Americans Without Law shows how the racial boundaries of civic life are based on widespread perceptions about the relative capacity of minority groups for legal behavior, which Mark S. Weiner calls "juridical racialism." The book follows the history of this civic discourse by examining the legal status of four minority groups in four successive historical periods: American Indians in the 1880s, Filipinos after the Spanish-American War, Japanese immigrants in the 1920s, and African Americans in the 1940s and 1950s.
Weiner reveals the significance of juridical racialism for each group and, in turn, Americans as a whole by examining the work of anthropological social scientists who developed distinctive ways of understanding racial and legal identity, and through decisions of the U.S. Supreme Court that put these ethno-legal views into practice. Combining history, anthropology, and legal analysis, the book argues that the story of juridical racialism shows how race and citizenship served as a nexus for the professionalization of the social sciences, the growth of national state power, economic modernization, and modern practices of the self.
|Publisher:||New York University Press|
|Edition description:||New Edition|
|Product dimensions:||6.00(w) x 1.25(h) x 9.00(d)|
About the Author
Mark S. Weiner is professor of law at Rutgers School of Law, Newark. He is the author of Black Trials: Citizenship from the Beginnings of Slavery to the End of Caste, winner of the American Bar Association's 2005 Silver Gavel Award.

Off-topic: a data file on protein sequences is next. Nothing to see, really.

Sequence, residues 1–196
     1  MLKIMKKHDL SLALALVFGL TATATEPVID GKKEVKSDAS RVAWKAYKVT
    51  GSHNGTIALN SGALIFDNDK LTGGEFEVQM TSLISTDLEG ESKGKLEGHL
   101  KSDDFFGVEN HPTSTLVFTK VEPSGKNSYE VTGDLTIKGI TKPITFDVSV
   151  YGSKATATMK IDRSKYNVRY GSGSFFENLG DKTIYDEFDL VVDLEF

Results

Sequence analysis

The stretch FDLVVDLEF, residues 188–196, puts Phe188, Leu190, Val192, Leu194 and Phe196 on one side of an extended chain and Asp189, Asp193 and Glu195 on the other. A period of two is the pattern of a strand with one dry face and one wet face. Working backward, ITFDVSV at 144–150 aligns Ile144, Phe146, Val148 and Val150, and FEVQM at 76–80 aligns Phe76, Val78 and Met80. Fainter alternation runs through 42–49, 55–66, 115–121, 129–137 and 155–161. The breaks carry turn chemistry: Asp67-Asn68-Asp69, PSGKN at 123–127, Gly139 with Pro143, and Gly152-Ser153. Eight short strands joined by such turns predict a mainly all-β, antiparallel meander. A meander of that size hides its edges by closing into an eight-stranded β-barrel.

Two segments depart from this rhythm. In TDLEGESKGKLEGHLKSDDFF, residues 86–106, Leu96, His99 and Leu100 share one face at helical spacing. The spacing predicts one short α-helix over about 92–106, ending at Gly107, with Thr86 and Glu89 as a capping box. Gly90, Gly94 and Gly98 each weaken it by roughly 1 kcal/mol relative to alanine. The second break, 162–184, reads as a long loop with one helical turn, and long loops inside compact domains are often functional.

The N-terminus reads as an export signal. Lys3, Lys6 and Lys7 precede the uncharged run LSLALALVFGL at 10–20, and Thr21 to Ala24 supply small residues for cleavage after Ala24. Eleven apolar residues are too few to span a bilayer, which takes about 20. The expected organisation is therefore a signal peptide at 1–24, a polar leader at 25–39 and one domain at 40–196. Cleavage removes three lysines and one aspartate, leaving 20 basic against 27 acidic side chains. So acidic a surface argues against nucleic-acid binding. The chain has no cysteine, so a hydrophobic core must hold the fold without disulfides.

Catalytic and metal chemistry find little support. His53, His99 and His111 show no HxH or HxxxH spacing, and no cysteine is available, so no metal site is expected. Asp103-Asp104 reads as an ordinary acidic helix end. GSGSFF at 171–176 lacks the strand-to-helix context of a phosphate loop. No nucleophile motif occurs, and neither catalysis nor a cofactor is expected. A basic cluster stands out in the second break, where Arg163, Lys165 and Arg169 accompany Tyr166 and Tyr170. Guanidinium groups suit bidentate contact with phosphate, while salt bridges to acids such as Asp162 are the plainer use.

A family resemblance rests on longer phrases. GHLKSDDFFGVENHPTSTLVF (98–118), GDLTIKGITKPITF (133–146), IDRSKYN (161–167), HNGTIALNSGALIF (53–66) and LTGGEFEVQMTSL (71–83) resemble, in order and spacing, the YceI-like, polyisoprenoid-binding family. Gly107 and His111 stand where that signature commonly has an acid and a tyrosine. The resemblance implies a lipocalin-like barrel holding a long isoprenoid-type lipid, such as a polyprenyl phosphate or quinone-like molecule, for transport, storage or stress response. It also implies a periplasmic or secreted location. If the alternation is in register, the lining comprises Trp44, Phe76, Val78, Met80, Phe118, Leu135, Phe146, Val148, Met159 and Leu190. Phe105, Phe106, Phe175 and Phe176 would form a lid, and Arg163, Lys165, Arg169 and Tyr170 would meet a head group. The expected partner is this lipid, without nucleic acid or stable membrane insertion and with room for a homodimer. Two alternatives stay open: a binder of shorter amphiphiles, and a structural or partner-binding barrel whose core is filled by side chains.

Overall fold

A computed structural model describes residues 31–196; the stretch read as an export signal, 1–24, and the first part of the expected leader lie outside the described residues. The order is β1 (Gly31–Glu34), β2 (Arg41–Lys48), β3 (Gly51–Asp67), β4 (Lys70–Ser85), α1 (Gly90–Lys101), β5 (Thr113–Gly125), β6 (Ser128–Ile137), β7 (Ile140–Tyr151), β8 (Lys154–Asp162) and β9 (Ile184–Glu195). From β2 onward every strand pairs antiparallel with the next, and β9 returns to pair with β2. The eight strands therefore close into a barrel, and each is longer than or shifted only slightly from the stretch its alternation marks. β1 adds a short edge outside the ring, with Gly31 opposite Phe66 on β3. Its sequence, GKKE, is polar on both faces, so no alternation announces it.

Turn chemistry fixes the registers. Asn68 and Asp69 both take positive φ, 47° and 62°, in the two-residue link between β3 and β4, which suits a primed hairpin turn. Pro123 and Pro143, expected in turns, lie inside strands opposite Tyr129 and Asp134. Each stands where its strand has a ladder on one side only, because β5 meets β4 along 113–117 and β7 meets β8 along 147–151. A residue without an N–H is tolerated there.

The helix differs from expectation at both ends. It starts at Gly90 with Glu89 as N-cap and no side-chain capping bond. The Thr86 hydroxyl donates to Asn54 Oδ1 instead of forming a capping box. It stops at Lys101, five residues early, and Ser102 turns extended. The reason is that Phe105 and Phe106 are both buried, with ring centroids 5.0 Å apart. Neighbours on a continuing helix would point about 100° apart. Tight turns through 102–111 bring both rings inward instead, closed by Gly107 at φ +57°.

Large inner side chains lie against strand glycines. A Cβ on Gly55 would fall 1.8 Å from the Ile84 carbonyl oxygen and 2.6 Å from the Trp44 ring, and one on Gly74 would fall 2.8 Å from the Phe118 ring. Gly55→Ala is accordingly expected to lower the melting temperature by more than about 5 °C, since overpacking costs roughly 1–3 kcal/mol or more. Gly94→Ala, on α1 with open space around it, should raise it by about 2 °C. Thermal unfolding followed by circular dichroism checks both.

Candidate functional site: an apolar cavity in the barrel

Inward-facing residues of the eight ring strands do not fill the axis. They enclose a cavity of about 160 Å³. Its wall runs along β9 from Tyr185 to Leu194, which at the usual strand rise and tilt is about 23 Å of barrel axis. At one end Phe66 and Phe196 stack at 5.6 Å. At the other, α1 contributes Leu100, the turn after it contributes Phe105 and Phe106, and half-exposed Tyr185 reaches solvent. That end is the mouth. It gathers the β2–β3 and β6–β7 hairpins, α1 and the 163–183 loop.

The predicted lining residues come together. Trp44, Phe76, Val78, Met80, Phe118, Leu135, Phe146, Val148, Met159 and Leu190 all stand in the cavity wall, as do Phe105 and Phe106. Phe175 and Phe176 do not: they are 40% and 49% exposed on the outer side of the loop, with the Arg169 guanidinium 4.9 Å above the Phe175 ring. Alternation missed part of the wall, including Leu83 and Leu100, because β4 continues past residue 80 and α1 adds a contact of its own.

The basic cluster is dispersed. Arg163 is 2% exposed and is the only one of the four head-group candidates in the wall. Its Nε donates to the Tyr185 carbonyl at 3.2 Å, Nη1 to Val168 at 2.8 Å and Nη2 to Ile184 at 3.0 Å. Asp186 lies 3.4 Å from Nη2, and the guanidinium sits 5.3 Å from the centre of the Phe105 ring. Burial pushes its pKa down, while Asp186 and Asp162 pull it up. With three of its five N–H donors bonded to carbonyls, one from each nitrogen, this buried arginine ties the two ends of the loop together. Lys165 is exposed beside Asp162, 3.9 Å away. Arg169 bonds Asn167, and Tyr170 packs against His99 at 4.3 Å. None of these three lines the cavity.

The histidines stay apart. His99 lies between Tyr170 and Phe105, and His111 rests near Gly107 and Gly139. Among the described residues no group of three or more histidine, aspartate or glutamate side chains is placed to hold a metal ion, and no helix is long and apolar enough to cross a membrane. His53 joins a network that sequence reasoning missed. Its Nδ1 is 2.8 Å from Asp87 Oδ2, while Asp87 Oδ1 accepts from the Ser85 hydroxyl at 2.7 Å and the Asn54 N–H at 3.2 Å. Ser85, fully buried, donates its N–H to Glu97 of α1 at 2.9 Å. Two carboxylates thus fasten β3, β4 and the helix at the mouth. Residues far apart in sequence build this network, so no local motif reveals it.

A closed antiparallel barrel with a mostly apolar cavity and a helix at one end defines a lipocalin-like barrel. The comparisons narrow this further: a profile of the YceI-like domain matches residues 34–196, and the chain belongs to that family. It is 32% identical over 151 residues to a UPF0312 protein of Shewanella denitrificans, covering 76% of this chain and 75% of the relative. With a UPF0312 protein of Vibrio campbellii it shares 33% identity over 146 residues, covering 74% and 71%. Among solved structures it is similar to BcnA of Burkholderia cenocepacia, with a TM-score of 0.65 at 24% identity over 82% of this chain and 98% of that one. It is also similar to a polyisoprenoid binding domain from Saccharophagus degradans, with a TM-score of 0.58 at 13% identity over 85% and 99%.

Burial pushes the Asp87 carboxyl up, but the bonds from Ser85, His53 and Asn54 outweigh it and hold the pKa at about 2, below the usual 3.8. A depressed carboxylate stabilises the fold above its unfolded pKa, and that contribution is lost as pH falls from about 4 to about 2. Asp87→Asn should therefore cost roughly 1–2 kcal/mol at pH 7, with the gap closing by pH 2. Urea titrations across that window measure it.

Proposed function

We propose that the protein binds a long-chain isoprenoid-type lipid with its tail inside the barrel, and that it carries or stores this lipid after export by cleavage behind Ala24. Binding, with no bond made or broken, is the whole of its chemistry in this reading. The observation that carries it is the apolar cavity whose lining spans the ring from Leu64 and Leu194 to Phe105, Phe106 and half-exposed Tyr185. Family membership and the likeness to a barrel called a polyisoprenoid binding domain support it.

Table of Contents
|1||Laws of Development, Laws of Land||22|
|2||Teutonic Constitutionalism and the Spanish-American War||51|
|3||The Biological Politics of Japanese Exclusion||81|
|4||Culture, Personality, and Racial Liberalism||107|
|About the Author||197|
What People are Saying About This
"Juridical racialism is legal rhetoric infused with Anglo-Saxon racial superiority and Weiner shows how it operated from the Gilded Age to the decision in Brown v. Board of Education. Reading the news, one wonders if it is not still operating today."
University of Massachusetts, Amherst
"A rich and exceptionally clear account of the meaning-making context and constitution of citizenship."
Institute for Law and Society, New York University
"Mark Weiner provides a rare and radical insight into the racial structures of American law. Reading this racial history through the rhetoric of case law decisions--juridical racialism--provides a dramatic sense of the anthropological scope of what law has done and potentially continues to do."
Cardozo School of Law
"An enthralling mixture of personages and cases that reveals much about the intimate combining of law and 'American' imperialism, including the complicities of scholarship."
Birkbeck School of Law, University of London